Monday, November 30, 2009

Mapping India: Land Degradation and Desertification

In the November 25 issue of Current Science, researchers from the Indian Space Research Organization release a map and some important estimates of the extent of land degradation and desertification affecting mainly dry, semi-arid and dry- sub humid areas of India.

Source: Desertification/land degradation status mapping of India

About 69% of the total land area of the country - about 228 million hectares - falls in one of these three climatic categories. The numbers from this mapping project is cause for concern. They indicate that land degradation has affected just under half the extent - 105 million hectares of these dryland regions,  roughly 32% of the land area of India.

The main processes of degradation are water erosion, wind erosion and vegetal degradation through deforestation and overgrazing. The paper gives the extents affected by various degradation processes grouped state-wise.

I wish they had included estimates of degradation by land use. For example how much of agricultural land in each state is being degraded, how much forest and so on. These have been no doubt calculated. They show up as classes on the map, but the paper does not present the results by type of land use affected.

If predictions about changing rainfall patterns over India because of climate change turn out to be accurate they will accentuate many of these degradation processes. Rainfall is predicted to fall in shorter more intense bursts over many regions of India. This would mean more powerful surface runoff and greater soil erosion.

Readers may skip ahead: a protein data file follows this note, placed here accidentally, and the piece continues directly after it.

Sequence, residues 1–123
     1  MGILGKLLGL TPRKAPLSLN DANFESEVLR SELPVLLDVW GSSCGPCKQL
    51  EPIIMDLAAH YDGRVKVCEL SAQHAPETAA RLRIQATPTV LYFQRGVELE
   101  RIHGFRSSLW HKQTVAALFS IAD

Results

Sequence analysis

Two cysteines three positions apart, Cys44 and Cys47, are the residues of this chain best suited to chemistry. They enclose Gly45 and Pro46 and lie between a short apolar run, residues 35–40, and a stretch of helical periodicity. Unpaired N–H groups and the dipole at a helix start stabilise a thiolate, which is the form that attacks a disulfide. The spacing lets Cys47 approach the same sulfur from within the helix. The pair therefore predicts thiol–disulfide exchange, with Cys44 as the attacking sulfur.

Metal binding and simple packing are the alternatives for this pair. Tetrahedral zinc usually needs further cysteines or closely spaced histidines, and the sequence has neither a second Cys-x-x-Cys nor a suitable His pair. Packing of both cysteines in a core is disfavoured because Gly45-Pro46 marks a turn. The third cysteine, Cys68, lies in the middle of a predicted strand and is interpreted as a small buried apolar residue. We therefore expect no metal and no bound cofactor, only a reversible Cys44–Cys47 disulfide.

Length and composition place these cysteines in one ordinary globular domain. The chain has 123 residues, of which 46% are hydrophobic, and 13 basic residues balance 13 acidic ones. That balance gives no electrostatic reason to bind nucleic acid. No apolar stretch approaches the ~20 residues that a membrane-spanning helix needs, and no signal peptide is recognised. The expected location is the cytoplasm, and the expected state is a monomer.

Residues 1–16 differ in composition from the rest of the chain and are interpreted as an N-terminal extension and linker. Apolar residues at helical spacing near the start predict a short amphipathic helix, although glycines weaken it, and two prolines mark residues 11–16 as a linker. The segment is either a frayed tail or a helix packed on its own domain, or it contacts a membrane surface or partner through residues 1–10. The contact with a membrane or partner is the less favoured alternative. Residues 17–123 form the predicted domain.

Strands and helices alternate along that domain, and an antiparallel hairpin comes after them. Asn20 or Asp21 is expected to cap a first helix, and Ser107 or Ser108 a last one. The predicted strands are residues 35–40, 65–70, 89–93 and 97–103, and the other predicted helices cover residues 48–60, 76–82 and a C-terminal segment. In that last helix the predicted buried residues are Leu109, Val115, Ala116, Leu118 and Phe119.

Regions of country which are hot and arid like Gujarat and Rajasthan are likely to get hotter and drier. That would mean more stress on vegetation and great wind erosion.

I come back to the National Action Plan For Climate Change (15 MB) There are 8 missions or strategies to deal with climate change. None of these directly includes the problem of land degradation and desertification in dryland regions. However the National Water Mission, National Mission for a Green India and the National Mission for Sustainable Agriculture seem to have the right overlapping goals that could be focused to address this problem.

I mentioned earlier about the estimates of land degradation according to land use. These numbers matter a lot. Farmers occupying dryland regions are usually poor farmers cultivating marginal lands. If you look at the above map, you will see large regions classified as Agriculture Unirrigated being affected by various processes of land degradation. These are farmlands that are out of the reach of irrigation canals and other State largesse.  Millions of farmers cultivate small land holdings, depending only on monsoons and groundwater. Warming and changing rainfall patterns will have a larger impact on these marginal farmers. Their livelihoods and the food security for large number of people in these drylands is at risk from continuing damage to the land.

The National Action Plan For Climate Change needs to single them out for special help.

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